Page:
I sat on a chair in the bathroom while my husband used his clippers.

The next day, I donned a wig for the first time….and I hated it!!!! It looked fine, but I felt like it was constantly slipping around. I would pass the mirror at work and see it was slightly askew. I kept telling my co-workers, both male, that they HAD to tell me when my bangs were suddenly over by my ear!

A week later, I was attending a reception at the art museum with my husband. While chatting with someone, I could feel the wig inching up millimeter by millimeter. I tried to complete the conversation before the wig popped off and I scurried to the ladies’ room to readjust it. I knew the wig would be short-lived.

Within two weeks, I had put away the wigs and purely resorted to the other headwear I had amassed. I became most comfortable in hats and wore those more than anything else. Once the hair-loss causing chemotherapy portion of my treatment was over, the baby-fine hair started coming back… but then I lost my eyebrows and eyelashes!

By June, I rarely even wore my hats and instead, wore my mostly bald head proudly.

Cheryl Morgan Maxey is a two-year survivor of breast cancer. She lives in Hillsborough with her husband James a speculative fiction writer, and 2 cranky cats. She and James love to spend time exploring greenways and rail/trails on their bikes, tromping off trail in the woods, and adventuring in their kayaks. Throughout the year-long treatment for breast cancer, Cheryl remained active and continued to log miles by paddle, foot and bike. Here’s her hair four months post-treatment:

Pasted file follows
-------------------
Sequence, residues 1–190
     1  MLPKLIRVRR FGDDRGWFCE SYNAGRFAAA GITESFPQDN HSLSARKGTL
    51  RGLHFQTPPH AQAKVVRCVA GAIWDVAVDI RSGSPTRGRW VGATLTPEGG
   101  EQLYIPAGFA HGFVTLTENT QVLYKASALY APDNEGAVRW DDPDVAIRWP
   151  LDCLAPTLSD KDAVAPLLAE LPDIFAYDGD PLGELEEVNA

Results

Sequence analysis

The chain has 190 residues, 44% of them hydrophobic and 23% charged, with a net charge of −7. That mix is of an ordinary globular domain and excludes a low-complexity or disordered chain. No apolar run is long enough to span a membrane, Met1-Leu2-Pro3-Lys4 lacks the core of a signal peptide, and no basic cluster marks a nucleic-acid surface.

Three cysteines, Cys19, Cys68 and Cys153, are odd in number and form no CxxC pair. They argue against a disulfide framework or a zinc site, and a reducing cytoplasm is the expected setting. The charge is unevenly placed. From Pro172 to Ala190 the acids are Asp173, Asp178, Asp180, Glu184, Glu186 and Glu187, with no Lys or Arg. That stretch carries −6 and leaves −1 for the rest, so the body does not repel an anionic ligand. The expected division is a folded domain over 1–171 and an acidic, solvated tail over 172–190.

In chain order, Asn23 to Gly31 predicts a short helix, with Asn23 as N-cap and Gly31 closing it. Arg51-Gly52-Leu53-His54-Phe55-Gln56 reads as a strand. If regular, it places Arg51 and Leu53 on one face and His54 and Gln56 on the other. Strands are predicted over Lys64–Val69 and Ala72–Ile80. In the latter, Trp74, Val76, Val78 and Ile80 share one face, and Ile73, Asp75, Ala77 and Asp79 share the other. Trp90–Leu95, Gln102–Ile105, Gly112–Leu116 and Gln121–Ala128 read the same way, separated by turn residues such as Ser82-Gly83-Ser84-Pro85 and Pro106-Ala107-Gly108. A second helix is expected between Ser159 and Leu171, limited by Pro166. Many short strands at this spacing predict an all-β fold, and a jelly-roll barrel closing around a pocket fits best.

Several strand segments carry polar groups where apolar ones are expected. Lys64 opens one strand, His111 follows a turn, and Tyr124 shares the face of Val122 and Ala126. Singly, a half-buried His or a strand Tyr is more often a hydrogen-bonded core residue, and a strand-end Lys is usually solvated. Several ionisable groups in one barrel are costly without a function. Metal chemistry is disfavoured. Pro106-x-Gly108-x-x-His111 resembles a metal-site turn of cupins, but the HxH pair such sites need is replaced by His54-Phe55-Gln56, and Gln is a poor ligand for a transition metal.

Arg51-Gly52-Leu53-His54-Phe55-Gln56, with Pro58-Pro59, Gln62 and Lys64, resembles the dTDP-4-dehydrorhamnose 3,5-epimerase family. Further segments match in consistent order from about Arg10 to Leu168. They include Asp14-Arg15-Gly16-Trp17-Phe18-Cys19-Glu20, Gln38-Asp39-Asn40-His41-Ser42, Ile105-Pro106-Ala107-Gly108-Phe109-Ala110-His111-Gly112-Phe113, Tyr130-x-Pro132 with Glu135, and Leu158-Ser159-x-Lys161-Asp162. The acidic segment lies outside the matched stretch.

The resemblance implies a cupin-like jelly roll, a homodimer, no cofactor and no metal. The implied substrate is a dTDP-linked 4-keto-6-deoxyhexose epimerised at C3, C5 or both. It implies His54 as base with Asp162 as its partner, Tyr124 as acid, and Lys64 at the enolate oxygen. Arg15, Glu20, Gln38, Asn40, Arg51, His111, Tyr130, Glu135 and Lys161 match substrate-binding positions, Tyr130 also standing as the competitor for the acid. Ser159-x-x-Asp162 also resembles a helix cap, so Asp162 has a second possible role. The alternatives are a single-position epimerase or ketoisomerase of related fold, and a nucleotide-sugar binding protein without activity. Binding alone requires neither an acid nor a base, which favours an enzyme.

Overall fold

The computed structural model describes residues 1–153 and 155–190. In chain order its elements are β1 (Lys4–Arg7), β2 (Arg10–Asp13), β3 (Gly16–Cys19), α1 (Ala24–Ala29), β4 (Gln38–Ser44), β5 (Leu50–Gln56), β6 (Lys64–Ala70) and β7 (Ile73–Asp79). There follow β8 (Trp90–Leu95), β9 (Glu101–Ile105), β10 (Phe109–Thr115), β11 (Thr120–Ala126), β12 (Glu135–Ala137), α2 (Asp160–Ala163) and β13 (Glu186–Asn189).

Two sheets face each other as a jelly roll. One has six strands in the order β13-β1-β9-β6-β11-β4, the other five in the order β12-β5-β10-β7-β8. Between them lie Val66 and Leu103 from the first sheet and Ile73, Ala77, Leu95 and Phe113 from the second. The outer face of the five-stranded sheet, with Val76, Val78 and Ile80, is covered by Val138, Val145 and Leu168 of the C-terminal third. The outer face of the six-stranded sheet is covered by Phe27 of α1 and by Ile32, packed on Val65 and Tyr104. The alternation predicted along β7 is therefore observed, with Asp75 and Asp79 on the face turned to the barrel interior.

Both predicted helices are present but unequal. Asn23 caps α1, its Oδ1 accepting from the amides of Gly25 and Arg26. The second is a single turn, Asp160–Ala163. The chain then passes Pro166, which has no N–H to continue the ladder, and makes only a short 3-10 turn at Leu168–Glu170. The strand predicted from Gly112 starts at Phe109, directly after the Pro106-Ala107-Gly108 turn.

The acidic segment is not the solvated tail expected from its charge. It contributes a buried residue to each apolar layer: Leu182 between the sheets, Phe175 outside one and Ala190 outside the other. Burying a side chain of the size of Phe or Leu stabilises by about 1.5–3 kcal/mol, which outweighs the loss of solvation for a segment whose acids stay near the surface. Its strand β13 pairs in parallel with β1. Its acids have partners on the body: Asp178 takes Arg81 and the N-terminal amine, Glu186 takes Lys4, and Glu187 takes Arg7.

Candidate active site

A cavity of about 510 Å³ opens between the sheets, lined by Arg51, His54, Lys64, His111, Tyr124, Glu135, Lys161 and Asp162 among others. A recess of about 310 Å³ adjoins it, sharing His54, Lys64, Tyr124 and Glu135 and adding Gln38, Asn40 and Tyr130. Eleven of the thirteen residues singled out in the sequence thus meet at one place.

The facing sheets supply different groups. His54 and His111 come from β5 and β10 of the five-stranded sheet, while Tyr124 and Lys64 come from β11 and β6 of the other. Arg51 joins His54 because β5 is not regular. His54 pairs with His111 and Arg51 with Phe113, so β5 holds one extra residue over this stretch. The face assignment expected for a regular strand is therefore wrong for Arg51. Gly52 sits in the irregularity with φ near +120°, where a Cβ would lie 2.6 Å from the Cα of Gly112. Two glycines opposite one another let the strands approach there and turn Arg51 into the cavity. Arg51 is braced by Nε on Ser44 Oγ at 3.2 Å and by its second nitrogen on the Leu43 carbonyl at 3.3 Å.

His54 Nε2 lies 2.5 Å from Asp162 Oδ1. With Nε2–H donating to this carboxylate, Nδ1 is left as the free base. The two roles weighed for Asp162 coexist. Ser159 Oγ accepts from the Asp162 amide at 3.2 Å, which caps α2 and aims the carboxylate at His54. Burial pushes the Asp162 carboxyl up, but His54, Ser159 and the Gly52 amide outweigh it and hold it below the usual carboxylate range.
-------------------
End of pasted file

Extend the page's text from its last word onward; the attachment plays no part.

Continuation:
And one  year post-treatment:

Since James is a writer, he also chronicled Cheryl’s diagnosis, then her year of treatment, on his blog.  They used “Training for Cancer” as their way to announce her diagnosis on social media.  A year later, he penned “Climbing above Cancer” to wrap up Cheryl’s  year of treatment and her victory climb at Hanging Rock.

Menopause

Cheryl’s Cancer Story: It Looks Suspicious

Thank you to my good friend Cheryl Morgan Maxey for this four-part series on her breast cancer. Cheryl will chronicle her story from diagnosis to the completion of her treatments. She amazed me with her upbeat attitude and courage. We hope her account will help others going through the same journey. Take it away, Cheryl!

It looks suspicious. Not words you want to hear when getting an ultrasound on your breast. It was a Monday afternoon, the day after my father’s funeral. The last month had been a blur. My father’s Alzheimer’s, his brain tumor, hospitalization, hospice, his death, his funeral.

How long had the lump been there?

Life and death had consumed me for weeks, but that Friday night, there it was, the lump. Fresh from the shower, I looked down and saw it protruding from my right breast. How had I missed it? It couldn’t be cancer. Not now. It had to be a clogged gland, a cyst, anything but cancer. Anything but breast cancer.

I made an urgent appointment with my regular doctor that Monday morning. She referred me to mammography with an ultrasound. The ultrasound was performed two floors below the office where I went to work every day at the Cancer Center. It was a place I was used to entering to help move cancer research forward. It wasn’t a place I’d walked into before as a patient.